Most people know that essential ingredients of European cuisines like tomatoes, potatoes, vanilla, and chocolate aren’t native to the Old World. But many of the plants that populate the continent’s parks and gardens — tulips, hydrangeas, peonies, camelias, sunflowers, and dahlias, to name a few — come from outside, too. During the 18th century, ‘new’ plants were introduced to Europe as a byproduct of the wars, colonial conquests, and scientific expeditions that European nations staged all over the world. Despite their faraway origins and high costs, exotic plants like these became coveted collectibles that wealthy Europeans strove not only to grow and eat, but also to make a part of their daily aesthetic experiences and domestic decor.
“During the 18th century, people craved a better understanding of the natural world and that manifested in various ways, from kitchen gardens to the founding of botanical societies,” writes Museum of Fine Arts Assistant Curator and exhibition organizer Misty Flores in a recent email. “Scientific discoveries and the new print culture helped fuel botanical study and the close observation of nature. These new discoveries ignited a craze for landscape gardens both in and out of doors.”
Flores’s exhibition Perpetual Bloom: Botanicals in the 18th Century Interior at the Rienzi in Houston (located in the River Oaks neighborhood, Rienzi is the Museum of Fine Arts, Houston’s house museum for European decorative arts) explores the ways that this new fascination with plants influenced trends in European decorative arts, dining and entertaining practices, interior design, and gardening. As non-native plant species poured into the continent from the Americas, South Africa, and Asia, European elites commemorated their enthusiasm in sumptuous, botanically-themed dishes, figurines, paintings, and other decorative objects. The pieces on display in Perpetual Bloom illuminate Europeans’ elaborate, often amusing responses to these botanicals, and their desire to possess and preserve plants across time and space. ‘
Among the new varieties of plants that came to England in the 1700s was the Virginia Pokeweed (Phytolacca americana). A Chelsea Porcelain Works plate from the mid-1700s depicts the plant as in a scientific illustration, painted in full color and in great detail. To enhance its naturalistic effect, the pokeweed’s free-flowing leaves and berries are accompanied by a handful of carefully rendered insects, which animate the image as they seem to crawl across the plate. It’s unclear if diners knew that, at the time of the plate’s creation, the pokeweed was an important food source to indigenous Americans and early settlers of the United States. But it’s certainly a sign of the era’s obsession with nature that a patron would spend lavishly on a plate like this one in order to eat atop an American weed and some bugs.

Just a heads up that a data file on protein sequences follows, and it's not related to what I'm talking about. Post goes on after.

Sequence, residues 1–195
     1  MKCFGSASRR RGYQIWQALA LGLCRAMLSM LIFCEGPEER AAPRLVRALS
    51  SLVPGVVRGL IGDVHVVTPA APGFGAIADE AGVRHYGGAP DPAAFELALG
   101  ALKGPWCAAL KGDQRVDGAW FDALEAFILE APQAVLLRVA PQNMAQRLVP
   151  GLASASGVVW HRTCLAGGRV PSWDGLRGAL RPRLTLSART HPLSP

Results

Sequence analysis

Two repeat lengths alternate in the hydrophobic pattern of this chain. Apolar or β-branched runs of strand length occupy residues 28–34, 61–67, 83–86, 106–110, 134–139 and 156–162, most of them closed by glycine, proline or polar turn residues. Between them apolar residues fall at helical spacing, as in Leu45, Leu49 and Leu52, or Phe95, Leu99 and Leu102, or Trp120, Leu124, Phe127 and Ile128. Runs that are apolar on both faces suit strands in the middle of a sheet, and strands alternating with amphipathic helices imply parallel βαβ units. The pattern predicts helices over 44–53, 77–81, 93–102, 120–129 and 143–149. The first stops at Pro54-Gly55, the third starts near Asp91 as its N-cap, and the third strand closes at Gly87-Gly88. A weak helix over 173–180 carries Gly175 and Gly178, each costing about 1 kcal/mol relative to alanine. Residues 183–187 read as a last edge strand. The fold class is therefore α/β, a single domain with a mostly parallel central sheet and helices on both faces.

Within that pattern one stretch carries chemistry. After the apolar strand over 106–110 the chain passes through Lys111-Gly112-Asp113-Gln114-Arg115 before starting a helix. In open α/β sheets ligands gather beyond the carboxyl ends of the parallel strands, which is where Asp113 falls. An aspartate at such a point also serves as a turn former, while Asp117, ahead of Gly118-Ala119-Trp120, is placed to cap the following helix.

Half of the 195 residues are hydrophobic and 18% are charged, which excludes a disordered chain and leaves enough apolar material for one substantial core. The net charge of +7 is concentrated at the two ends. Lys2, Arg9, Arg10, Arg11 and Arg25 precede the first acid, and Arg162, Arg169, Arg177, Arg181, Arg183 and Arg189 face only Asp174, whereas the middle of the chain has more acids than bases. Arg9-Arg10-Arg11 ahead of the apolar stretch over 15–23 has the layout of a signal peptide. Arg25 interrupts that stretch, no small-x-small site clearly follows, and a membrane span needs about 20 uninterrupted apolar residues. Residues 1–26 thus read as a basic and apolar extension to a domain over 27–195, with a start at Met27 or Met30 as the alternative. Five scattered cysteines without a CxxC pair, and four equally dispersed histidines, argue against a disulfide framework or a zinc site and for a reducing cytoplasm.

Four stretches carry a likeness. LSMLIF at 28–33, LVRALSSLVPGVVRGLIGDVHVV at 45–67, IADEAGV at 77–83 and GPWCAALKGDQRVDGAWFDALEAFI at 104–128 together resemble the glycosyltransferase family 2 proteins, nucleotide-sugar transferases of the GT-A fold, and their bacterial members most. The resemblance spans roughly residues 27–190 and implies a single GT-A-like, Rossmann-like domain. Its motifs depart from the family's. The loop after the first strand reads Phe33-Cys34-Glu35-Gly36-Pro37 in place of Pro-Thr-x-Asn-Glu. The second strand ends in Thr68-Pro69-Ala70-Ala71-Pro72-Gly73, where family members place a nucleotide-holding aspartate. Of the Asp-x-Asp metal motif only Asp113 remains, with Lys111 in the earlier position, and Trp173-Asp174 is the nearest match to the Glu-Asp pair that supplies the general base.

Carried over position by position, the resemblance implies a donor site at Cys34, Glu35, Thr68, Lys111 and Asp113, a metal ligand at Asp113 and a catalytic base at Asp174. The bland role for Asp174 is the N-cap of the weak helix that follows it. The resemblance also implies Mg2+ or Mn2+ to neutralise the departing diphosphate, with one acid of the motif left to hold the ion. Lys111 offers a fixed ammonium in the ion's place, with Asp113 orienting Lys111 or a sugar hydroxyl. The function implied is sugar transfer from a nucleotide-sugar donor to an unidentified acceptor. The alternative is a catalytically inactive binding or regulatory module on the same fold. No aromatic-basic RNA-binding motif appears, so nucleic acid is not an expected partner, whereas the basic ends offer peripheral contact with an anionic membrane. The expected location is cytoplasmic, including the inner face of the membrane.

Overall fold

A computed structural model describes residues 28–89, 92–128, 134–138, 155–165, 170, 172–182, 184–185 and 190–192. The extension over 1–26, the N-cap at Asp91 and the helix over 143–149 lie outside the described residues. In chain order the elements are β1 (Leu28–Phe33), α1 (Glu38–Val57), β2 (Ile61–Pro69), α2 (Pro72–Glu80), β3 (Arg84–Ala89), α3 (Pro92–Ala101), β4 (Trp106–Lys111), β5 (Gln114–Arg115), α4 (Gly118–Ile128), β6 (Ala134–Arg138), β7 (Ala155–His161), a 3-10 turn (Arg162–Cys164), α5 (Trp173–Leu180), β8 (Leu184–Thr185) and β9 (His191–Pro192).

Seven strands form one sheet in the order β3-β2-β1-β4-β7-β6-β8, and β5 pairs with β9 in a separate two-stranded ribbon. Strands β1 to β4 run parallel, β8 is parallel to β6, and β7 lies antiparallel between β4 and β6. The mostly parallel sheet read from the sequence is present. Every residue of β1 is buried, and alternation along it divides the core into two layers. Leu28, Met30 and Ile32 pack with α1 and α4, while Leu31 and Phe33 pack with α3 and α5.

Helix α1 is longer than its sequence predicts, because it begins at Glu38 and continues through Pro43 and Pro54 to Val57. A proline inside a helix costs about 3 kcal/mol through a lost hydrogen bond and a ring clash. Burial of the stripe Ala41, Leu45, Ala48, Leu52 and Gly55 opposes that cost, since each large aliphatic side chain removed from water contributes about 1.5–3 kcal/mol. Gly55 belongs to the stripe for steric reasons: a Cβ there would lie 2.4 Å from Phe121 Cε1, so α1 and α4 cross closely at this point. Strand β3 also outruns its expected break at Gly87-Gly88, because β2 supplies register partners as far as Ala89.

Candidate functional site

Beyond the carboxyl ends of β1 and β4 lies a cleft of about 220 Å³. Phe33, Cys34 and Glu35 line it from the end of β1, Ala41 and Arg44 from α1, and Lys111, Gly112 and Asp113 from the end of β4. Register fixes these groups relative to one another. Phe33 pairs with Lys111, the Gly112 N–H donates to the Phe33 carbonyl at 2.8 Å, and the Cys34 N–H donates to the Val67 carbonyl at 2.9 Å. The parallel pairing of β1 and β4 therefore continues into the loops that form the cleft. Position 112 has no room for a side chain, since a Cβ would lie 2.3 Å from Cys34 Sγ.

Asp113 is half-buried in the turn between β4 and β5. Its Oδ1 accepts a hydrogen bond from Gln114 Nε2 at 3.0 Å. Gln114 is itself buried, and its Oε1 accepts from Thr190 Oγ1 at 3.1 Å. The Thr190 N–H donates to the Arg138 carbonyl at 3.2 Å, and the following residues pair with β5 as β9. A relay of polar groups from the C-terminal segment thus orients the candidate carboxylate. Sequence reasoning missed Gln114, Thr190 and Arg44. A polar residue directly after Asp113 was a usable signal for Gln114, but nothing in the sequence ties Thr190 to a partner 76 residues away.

More optical tricks appear in a Niderville Porcelain Factory jardiniere from 1774. Despite its elegantly modeled handles and gold accents, the piece’s trompe l’oeil finish gives it the appearance of a simple wood planter with a peeling paper label on its exterior. The container would have been ideal for growing bulbs like Amaryllis — which originates in South Africa — Hippeastrums from Central and South America, or another expensive imported plant. Once again, the wealthy patron who commissioned this piece exhibits a curious sense of taste that seems to seek a sort of ostentation that would make the jardiniere seem natural somehow, or more down to earth.
Plants’ presence wasn’t just visual in 18th-century European elite spaces; it was aromatic, too. A pair of porcelain potpourris are reminders of the multisensory experience with the natural world that the nobility and gentry hoped to create inside their homes. A graceful, urn-like vessel edged in gold from the Worcester Porcelain Manufactory features a diamond-shaped lattice of holes, where the scent of dried flowers, herbs, and cloves could waft out and perfume the room. Alternatively, a pair of bough pots from the same maker — perfect for display on a table, mantlepiece, or interior window ledge — offered the opportunity to enjoy the fragrance of freshly-cut flowers instead.
As new plants entered Europe, the popularity of home gardens and greenhouses grew. Beyond the satisfaction that nobles and gentry gained from propagating a foreign plant on their home soil, people increasingly wanted nature to be something that they could touch and hold on to. A small porcelain etui from the Chelsea Porcelain Works is a delightful example of this preoccupation. This unexpected imitation is sized and painted exactly like a real asparagus, and fits easily in a pocket or palm of the hand. Its center is divided by a delicate copper clasp, where a woman could store her sewing needles, hair pins, cosmetics, or other personal effects. In this way, nature became a complete object — one that can be touched, made functional, and kept forever.
Perpetual Bloom shows how Europeans of the era surrounded themselves with their own idiosyncratic versions of nature. The exhibition also draws surprising parallels to the ways that many people today — through months of isolation due to the pandemic — have also sought comfort in the natural world, even if it’s just a few potted house plants.
On view at Rienzi, Houston through July 31, 2021.